A new analysis shows that Hawaii’s public school students rank in the middle of the pack in both English and math proficiency among the states that use the Smarter Balanced Assessment.
When Hawaii made its SBA scores public Oct. 3, comparisons weren’t available because the 11 states using the exam each release their results separately and on their own timing. But since then, a veteran testing specialist, Douglas McRae, based in Monterey, Calif., obtained results from 10 of those states and analyzed them. Vermont won’t release its results until later this year.
His report shows that 53.3% of Hawaii students in grades 3 through 8 tested as proficient or better in English language arts, compared to an average of 52.6% for the 10 states in the consortium. Hawaii’s proficiency rate exceeded California, Montana, Nevada, Oregon and South Dakota, but fell below Connecticut, Delaware, Idaho and Washington state.
In math, 44.3% of students in Hawaii were proficient, close to the consortium average of 44%. Again, Hawaii placed fifth in the lineup, behind Washington, Connecticut, Idaho and South Dakota.
“The part that is reassuring is that we are not at the bottom, at least in this group of states,” said Catherine Payne, chairwoman of the Board of Education, when given a copy of the report to review. “It does tell us that we need to do better in math and we need to continue to improve in language arts.”
The analysis shows that all the states in the consortium have the same troubling trend of math proficiency rates dropping as students move up through grade levels. By contrast, English language arts proficiency tends to improve or stay relatively steady.
“It seems like across the board, it looks like we are in the same neighborhood,” Payne said. “We go up when they go up, we go down when they go down.”
The 2019 SBA math proficiency rate for the 10 states in math is 52% in third grade but just 39% in eighth grade. Hawaii showed a similar drop, from 56% proficient in third grade to 38% proficient in eighth grade.
“These trends across grades are very similar to the trends across grades found for Smarter Balanced states for 2015, 2016, 2017 and 2018 results,” McRae wrote.
Students in the SBA consortium have always fared better on English than math since the exam was first given in 2015, with roughly a 10 percentage point gap between proficiency rates in the two subjects.
Between 2015 and 2019, Hawaii students’ English proficiency rate rose from 47.7% to 53.3%, and math went from 42% to 44.3% for students in grades 3 to 8.
The federal government requires every state to test all students in grades three to eight annually, plus one grade in high school. The Smarter Balanced Assessment fulfills that mandate but states may use other exams as well and some have developed their own.
SBA was created by educators to align with the Common Core State Standards developed by the states in 2010. It is a computer-based, adaptive test that automatically adjusts the difficulty of questions, giving harder ones when students answer correctly. It aims to easily identify which skills students have mastered.
“We got into this consortium because we felt we needed something to help us measure across the states and see where Hawaii is,” Payne said. “When there were a lot more states maybe it was valid to do. Now that we are down to just 11, is that a good reason for being in a consortium?”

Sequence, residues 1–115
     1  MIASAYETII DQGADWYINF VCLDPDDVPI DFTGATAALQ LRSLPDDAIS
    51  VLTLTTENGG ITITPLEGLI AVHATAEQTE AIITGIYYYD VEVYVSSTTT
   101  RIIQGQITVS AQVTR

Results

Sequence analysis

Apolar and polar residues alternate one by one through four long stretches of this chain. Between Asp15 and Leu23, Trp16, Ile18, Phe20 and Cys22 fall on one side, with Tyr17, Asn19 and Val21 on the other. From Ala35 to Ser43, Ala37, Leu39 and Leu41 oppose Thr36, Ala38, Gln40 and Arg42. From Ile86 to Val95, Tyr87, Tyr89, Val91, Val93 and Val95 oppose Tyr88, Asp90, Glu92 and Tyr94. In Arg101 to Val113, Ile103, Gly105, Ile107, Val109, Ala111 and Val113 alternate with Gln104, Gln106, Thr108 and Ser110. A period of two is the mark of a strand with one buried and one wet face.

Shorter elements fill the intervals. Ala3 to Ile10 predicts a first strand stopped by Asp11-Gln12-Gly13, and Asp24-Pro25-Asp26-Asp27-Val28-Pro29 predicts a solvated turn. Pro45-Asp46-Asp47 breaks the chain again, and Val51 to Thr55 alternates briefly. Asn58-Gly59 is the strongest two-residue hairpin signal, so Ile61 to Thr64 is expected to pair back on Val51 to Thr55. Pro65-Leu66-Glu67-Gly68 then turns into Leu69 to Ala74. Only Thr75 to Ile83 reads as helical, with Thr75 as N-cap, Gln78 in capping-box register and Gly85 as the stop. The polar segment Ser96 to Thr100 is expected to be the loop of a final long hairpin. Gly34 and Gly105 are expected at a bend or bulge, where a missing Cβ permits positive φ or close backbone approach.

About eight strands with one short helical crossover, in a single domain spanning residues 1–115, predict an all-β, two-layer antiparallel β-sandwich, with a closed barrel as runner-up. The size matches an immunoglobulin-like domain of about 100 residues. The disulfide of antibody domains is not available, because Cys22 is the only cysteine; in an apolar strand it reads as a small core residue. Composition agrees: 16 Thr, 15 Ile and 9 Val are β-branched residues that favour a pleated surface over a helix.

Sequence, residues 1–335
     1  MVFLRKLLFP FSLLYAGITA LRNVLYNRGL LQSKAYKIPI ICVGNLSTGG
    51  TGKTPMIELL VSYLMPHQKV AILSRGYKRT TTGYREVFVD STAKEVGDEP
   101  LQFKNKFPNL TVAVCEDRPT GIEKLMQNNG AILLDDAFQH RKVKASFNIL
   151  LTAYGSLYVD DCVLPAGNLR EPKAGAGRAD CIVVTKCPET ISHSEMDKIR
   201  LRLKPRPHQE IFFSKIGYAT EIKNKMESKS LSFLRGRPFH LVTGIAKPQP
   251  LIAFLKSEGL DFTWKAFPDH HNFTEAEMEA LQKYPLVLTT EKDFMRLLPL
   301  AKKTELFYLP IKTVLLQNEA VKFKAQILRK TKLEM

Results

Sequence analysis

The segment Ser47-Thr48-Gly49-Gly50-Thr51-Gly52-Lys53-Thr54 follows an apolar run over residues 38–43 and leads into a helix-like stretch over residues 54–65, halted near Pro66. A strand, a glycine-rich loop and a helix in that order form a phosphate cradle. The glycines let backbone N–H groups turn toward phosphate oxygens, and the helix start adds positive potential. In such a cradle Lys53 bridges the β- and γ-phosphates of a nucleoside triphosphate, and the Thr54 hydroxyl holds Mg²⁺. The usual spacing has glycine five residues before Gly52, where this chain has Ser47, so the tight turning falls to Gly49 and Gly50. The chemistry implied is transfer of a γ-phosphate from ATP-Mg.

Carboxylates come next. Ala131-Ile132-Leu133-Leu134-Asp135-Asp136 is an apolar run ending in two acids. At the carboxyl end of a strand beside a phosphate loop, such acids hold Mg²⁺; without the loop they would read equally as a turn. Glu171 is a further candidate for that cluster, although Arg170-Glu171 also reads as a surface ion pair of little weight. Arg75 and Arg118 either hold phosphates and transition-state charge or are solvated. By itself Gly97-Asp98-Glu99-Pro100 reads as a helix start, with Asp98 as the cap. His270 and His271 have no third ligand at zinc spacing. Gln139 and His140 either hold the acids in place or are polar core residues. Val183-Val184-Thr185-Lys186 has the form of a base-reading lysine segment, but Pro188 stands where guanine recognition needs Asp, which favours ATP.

The best cross-country comparison of academic performance is the National Assessment of Educational Progress, also known as the Nation’s Report Card. It is administered every other year and given to a random statistical sample of students in grades 4 and 8 across the country. Results from that test are due out this week.
Hawaii typically falls below the national average on NAEP. In 2017, the last time the English and math exam was given, Hawaii’s scores ranged from 2 to 7 percentage points below the national average, depending on the grade level and subject.
Unlike the SBA, NAEP scores are not broken down by school or released to students since the test is given to just a small fraction of students.
The Smarter Balanced consortium leaves the release of scores entirely to the states and does not compile their performance data. McRae, who has a doctorate in quantitative psychology, obtained the results by contacting each state individually. He is a retired educational testing company executive who served as an adviser for the design of California’s STAR statewide testing system.
“I just think it’s human nature, when you get your test scores back, I don’t care if it’s a teacher-created test in algebra class or the end of year test in college, you always want to know how did everybody else do on the test,” McRae said. “It’s a natural instinct.”
Payne said she recently returned from a meeting of the National Association of State School Boards in Omaha, where testing was a hot topic.
“They are talking a lot about assessments,” she said. “Many states are trying different things, trying to figure out how to get this right. Especially with the changes in instruction, they want more performance-based assessment.”
The Board of Education will hold a meeting Nov. 7 to focus on academic data including test scores, which is open to the public. It will run from 9 a.m. to 2:30 p.m., followed by a community meeting at 3 p.m., at Waiwai Collective, 1100 University Ave.
Smarter Balance Assessment by Honolulu Star-Advertiser on Scribd